Page 46 - Summer2017
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 Peter L. Tyack
Sea Mammal Research Unit School of Biology University of St Andrews St Andrews, Fife KY16 8LB Scotland United Kingdom
Marine Mammal Acoustic Behavior
Marine mammals exploited acoustic properties of the ocean for tens of millions of years before human acousticians.
The species that are called marine mammals actually represent many different lin- eages of terrestrial mammals that independently adapted to marine life. The terres- trial ancestor most closely related to the polar bear is the brown bear; the sea otter is related to the river otter, and manatees and dugongs are related to elephants. In this article, I discuss pinnipeds (seals, sea lions, and the walrus), whose ancestor diverged from a terrestrial carnivore about 35 × 106 yr ago (Higdon et al., 2007), and cetaceans (whales and dolphins), which separated about 54 × 106 yr ago from a lineage including ungulates such as the hippopotamus (Arnason et al., 2004).
The terminology we use in English for whales and dolphins does not match how biologists distinguish the main division among the cetaceans. For biologists, the two major divisions of the whales are toothed whales and baleen whales, which do not have teeth. Baleen whales are named for the baleen plates that grow down from the upper jaw, forming a sieve that allows baleen whales to engulf whole patches of small prey at one time. The family of toothed whales includes large whales such as pilot, killer, and sperm whales but also includes the smaller dolphins and por- poises. In fact, to a biologist, the killer whale is just a large dolphin.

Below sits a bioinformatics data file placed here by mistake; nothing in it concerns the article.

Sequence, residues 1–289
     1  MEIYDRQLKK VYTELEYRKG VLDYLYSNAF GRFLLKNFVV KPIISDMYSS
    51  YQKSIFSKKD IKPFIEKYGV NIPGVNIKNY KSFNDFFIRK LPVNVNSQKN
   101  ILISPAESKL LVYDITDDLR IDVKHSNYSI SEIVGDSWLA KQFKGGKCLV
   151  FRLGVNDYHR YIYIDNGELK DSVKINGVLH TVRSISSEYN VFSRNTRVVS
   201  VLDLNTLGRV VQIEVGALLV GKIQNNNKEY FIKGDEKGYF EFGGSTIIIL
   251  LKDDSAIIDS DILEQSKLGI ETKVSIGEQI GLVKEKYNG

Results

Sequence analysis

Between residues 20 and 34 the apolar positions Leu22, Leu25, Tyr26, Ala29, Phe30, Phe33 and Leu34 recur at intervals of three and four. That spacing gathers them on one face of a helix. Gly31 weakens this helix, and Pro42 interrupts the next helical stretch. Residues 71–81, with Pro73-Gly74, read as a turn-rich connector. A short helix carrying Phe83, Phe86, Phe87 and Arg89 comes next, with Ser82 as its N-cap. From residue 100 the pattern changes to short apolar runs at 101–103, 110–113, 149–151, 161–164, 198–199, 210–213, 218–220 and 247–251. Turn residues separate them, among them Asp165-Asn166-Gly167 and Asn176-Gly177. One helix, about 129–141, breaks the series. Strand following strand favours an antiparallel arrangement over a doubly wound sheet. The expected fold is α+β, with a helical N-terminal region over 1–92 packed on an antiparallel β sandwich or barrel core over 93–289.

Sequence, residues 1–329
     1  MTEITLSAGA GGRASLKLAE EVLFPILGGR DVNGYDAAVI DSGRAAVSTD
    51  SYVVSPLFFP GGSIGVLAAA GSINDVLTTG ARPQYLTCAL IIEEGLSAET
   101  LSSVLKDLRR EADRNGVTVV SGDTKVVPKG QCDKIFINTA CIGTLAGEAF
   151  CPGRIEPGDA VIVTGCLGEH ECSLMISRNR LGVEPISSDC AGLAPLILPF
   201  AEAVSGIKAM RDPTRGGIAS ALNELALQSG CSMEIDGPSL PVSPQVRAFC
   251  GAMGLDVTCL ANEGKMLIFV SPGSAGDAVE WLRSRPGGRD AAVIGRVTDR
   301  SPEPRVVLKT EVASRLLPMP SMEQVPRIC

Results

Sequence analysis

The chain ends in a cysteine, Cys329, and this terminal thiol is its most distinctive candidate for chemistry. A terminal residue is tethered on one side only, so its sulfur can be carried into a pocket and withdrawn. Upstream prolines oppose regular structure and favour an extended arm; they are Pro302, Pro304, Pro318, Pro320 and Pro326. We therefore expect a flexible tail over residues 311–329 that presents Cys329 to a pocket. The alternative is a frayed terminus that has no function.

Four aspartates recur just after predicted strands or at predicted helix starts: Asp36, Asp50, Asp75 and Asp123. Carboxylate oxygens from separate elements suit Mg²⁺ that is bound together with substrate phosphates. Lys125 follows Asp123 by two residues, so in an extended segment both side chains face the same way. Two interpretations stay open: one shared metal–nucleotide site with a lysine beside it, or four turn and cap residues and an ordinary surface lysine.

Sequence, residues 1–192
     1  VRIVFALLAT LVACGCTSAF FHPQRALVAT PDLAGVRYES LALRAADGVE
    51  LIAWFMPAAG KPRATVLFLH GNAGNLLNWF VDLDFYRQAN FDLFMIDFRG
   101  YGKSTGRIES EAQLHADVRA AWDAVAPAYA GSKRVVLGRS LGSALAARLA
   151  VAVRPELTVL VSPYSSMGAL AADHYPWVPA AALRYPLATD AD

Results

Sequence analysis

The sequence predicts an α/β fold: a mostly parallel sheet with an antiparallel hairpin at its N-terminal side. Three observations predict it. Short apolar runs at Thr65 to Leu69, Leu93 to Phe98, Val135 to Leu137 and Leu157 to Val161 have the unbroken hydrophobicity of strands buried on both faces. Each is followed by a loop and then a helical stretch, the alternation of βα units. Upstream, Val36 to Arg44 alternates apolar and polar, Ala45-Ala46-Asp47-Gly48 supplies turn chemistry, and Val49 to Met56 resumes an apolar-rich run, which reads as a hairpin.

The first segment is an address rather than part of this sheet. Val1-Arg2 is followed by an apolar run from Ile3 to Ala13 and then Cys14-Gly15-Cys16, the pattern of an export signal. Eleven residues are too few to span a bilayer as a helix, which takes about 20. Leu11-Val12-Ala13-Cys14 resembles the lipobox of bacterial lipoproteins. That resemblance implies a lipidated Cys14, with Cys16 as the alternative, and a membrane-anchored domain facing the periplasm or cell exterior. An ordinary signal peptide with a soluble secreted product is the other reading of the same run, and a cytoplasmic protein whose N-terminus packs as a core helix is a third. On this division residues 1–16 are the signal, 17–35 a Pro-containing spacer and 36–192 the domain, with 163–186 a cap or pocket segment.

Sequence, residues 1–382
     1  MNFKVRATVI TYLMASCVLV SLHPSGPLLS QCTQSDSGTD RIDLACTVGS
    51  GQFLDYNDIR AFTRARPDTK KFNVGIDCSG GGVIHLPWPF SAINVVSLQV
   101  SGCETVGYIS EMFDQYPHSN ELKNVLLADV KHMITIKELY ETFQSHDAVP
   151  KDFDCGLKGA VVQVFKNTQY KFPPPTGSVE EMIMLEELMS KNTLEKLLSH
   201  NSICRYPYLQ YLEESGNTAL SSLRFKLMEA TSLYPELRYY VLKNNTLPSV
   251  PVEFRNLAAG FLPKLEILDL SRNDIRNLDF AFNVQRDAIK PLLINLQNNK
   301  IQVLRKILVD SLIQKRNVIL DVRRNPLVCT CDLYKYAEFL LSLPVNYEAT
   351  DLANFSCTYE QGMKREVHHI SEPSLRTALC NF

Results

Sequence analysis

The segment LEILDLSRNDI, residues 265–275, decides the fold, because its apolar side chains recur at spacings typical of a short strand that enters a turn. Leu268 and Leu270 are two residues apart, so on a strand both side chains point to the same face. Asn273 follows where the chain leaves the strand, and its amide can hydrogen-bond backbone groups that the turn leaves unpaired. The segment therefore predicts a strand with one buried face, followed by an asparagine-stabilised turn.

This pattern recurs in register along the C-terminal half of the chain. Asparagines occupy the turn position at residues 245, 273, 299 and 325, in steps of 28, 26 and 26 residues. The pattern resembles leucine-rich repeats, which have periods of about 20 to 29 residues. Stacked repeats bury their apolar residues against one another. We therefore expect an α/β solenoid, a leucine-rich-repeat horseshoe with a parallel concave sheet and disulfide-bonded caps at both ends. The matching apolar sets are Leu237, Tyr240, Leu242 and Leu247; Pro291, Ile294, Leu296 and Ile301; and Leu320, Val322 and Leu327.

When mammals evolved a return from terrestrial back to marine life, they were forced to compete with life forms that had been adapting to the ocean since life originated there. Most marine animals take the oxygen they need directly from the water, and most maintain their bodies at the same temperature as the water around them. Mammals would seem at a disadvantage competing against competitors that do not need to ascend to the surface to breathe and that do not need to use meta- bolic energy to maintain a body temperature tens of degrees above ambient. Was there anything about life on land that could give the returning mammals an advan- tage as a marine predator?
There does seem to be an advantage for a predator to maintain a body temperature above that of its prey because its responses may be faster and the higher metabo- lism may give it more power. The costs of needing to generate heat are reduced in larger animals, which have a lower ratio of surface area to volume, and many of the large marine dinosaurs actually maintained body temperatures well above ambi- ent (Bernard et al., 2010). The baleen whales include the largest animals to have evolved on Earth, the blue and fin whales. Their large size makes locomotion so efficient that large baleen whales can spend the winter breeding season in temper- ate or tropical waters, then migrate thousands of kilometers to more polar waters to take advantage of the pulse of productivity that produces great patches of their prey. The larger an animal is, the more expensive it can be to chase individual prey; baleen whales have solved this problem by being able to engulf thousands of small prey in one gulp. A key to their ecological success lies in their ability to roam the
44 | Acoustics Today | Summer 2017 | volume 13, issue 2 ©2017 Acoustical Society of America. All rights reserved.

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